Owners flirt with destiny and risk thousands upon thousands of hard-earned dollars on the animals they love and the sport they cherish. Unfortunately, ownership cannot guarantee happiness as salvation can never be found on the back of a talentless horse.
Trainers balance relationships with their equine athletes that are parental in nature and professional in practice. There is time set aside for teaching and for work, time for rest and time for laughter. Trainers and horses bask harmoniously in the glow of victory, while they wallow as one in the grips of defeat. This unity allows for growth, growth which can only be achieved through the emotional wellness and stability of both horse and human.
Workers employed along the backstretch remain the lifeblood of any race track. They are devoted souls, creating kinships with God’s creatures that are quite unlike those formed by any other group. From sunrise to sunset, their hearts and minds are focused exclusively on the welfare of the animals. An aptitude for their craft is overshadowed solely by the innate ability to comfort and nurture life. Unbreakable bonds such as these are not meant to be broken, yet every so often, the gates of sorrow swing open in the case of an untimely death.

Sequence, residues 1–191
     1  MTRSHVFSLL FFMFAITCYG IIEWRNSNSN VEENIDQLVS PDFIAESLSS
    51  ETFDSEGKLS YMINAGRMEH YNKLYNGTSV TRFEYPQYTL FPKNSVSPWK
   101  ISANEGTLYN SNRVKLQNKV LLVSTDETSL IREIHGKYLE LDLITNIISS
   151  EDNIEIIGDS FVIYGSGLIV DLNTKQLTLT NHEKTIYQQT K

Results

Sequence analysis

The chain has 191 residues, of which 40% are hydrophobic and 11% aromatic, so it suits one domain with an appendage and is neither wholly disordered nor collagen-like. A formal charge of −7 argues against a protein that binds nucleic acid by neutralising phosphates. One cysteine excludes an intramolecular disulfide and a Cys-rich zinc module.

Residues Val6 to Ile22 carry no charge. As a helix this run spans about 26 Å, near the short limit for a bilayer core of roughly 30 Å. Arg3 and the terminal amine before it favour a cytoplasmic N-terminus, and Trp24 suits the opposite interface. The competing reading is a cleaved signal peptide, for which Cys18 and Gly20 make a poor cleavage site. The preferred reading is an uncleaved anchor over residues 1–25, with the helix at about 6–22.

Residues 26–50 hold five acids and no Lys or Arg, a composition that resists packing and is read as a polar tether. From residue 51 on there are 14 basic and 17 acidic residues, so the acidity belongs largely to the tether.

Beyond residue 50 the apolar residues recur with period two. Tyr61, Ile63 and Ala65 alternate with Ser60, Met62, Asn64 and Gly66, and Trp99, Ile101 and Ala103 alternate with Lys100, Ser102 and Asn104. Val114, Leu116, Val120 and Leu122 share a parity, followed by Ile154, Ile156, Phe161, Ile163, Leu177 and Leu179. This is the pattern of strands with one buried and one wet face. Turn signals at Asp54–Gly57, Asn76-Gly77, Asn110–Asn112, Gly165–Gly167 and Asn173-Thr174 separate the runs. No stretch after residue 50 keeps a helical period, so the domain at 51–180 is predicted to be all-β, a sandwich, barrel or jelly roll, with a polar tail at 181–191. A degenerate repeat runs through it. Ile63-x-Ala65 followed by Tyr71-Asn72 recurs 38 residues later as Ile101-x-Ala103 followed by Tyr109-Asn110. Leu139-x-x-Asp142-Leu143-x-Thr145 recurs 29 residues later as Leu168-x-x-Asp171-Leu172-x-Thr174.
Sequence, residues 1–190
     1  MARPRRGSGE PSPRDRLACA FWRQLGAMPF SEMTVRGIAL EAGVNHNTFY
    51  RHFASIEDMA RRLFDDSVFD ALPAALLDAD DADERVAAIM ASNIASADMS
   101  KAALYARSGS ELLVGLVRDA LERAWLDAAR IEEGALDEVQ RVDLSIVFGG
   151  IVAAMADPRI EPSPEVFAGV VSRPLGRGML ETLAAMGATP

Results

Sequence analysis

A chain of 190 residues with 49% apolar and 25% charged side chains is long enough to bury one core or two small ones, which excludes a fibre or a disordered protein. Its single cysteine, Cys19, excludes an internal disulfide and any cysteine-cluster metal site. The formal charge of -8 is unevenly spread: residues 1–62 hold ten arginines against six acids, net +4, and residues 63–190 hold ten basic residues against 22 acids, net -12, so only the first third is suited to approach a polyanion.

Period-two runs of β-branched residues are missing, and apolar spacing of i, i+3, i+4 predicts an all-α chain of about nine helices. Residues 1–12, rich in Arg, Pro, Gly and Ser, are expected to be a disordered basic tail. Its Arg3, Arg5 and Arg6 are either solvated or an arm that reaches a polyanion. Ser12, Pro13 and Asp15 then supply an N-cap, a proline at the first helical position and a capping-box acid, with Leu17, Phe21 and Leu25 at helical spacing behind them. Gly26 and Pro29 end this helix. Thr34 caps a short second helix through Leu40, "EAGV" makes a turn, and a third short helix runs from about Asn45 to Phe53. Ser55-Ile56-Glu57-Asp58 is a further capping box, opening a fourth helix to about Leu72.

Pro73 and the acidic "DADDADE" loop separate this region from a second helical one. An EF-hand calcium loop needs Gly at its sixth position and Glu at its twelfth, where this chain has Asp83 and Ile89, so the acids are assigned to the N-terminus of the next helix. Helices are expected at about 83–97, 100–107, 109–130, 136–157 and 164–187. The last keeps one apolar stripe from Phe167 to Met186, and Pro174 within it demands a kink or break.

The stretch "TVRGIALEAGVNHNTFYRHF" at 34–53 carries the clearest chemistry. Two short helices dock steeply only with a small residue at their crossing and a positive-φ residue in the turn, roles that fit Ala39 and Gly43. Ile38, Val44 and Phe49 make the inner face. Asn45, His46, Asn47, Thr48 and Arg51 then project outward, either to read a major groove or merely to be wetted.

We are then left with the horse players, the handicappers. This eccentric bunch has been systematically wired with the gamut of human emotions. Discarded tickets tumble along grandstand floors and take to the air like tiny feathers on windy days. These images in no way reflect the horse player’s disdain for Mother Nature, but rather, they illustrate anger or disgust that gnaws from within as perfectly laid plans have gone awry. Pleasant surprises and spells of happiness await the ardent handicapper, but those moments are often fleeting as sadness and fear loom around every bend. The horse player will press on at any cost, in spite of empty pockets or relationships lost. This unwavering perseverance is the result of being equipped with creation’s most selective memory.